Mike the Psych's Blog

What if psychologists ruled the world? In real life?


Being a greedy guts can make you more stupid

Neuroscientists in Germany have found that not only does getting fat age your brain quicker but also affects your problem solving and speed of thinking.

And it’s slightly worse for women than men and for people with paunches, rather than for people who put on weight elsewhere on their bodies e.g. their hips.

The findings, by Veronica Witte and colleagues at the Max Planck Institute for Human and Brain Sciences in Leipzig, might help to explain why overweight and obese people face a greater risk of cognitive decline and dementia in later life.

They brain-scanned almost 3,000 adults and got them to complete a series of cognitive tests. They found that being overweight seemed to alter the structure of the brain. Basically people with a higher BMI score or a broader waist to to hips comparison had less brain tissue and performed worse in quick-thinking tests.

They can’t prove that obesity changes the brain as they didn’t do a study over a long period and it could be that as people lose white matter in their brains they also lose some control functions and over-eat.

However the scientists believe that “low grade” inflammation that stems from fat cells may gradually eat away sensitive parts of the brain.

Dementia is now the most common cause of death in Britain and effects almost a million people.

Do you need a better reason to eat healthily and exercise?

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Do vampires know something we don’t?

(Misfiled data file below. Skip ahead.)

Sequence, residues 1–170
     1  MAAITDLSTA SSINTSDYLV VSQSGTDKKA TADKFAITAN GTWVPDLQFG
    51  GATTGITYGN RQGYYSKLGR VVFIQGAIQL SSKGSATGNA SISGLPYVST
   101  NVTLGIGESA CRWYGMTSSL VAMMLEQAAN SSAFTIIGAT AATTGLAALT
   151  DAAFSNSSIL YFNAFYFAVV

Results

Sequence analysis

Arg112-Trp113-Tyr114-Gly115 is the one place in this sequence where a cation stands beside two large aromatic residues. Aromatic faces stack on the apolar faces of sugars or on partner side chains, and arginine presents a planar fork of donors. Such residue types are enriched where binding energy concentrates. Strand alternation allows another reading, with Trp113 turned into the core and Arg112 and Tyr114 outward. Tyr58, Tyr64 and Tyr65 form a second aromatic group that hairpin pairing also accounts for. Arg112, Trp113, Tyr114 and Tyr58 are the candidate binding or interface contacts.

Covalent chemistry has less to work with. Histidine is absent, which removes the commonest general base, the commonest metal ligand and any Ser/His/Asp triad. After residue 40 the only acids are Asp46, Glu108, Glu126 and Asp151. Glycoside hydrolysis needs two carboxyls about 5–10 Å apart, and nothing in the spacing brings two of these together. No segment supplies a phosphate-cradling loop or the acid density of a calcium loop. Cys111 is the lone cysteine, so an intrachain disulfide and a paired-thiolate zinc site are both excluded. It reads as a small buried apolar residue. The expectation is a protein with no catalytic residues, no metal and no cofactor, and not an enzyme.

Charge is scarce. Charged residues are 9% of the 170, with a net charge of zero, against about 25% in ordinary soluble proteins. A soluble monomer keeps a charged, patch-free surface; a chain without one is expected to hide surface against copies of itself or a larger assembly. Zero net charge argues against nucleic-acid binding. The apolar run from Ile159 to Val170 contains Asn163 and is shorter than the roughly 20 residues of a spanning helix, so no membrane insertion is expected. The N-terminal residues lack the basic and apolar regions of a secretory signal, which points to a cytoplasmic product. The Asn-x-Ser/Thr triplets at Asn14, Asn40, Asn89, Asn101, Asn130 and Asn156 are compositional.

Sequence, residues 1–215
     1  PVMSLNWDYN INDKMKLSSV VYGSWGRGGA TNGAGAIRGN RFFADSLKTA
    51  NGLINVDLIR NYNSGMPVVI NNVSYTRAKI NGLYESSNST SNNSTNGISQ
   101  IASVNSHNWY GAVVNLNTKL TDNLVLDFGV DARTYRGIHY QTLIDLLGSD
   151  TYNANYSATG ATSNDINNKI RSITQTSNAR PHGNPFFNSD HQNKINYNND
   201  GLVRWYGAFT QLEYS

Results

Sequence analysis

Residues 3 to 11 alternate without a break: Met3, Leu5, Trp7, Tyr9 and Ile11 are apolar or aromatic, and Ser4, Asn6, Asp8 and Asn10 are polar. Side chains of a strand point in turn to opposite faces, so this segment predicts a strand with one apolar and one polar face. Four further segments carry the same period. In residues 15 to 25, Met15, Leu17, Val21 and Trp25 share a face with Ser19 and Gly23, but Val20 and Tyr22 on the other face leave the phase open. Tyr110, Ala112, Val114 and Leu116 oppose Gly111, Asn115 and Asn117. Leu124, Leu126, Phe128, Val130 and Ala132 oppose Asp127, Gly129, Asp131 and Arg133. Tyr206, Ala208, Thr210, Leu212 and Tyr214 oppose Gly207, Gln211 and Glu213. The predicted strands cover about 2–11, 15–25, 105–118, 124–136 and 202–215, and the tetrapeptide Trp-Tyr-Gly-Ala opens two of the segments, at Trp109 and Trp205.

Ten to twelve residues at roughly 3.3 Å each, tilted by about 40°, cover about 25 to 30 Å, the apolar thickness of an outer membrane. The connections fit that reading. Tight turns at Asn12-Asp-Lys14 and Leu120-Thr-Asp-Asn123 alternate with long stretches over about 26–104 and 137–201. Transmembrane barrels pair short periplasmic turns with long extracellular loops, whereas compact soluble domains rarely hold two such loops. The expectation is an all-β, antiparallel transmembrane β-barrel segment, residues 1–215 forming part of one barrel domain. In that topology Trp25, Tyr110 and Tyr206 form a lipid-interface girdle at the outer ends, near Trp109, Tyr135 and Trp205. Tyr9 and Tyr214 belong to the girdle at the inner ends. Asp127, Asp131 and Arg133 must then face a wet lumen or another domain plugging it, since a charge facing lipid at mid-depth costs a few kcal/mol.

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mouth_vamp_teeth_1600_clr_17745Injecting/transfusing yourself with the blood of virgins (Kim Jong II and Pope Innocent VIII – well maybe not so innocent as blood donors all died), bathing in it (Countess Bathory – or Ingrid Pitt if you’re a Hammer film fan) or just taking a bloody bite (Dracula and a long line of vampires since) may seem other-worldly but scientists now believe that they may have been onto something.

Scientists in California are testing an Alzheimer’s treatment that involves injecting blood plasma from young people in the hope it will reduce brain ageing.

Saul Vileda’s experiments with mice of different ages showed that when you mix their blood. Giving blood from older mice to younger mice accelerated cognitive decline. 

He then found that when he injected older mice with young blood it changed the brain circuitry in the older mice creating new synaptic connections. Plasticity also returned relating to learning and memory-related genes.

He…

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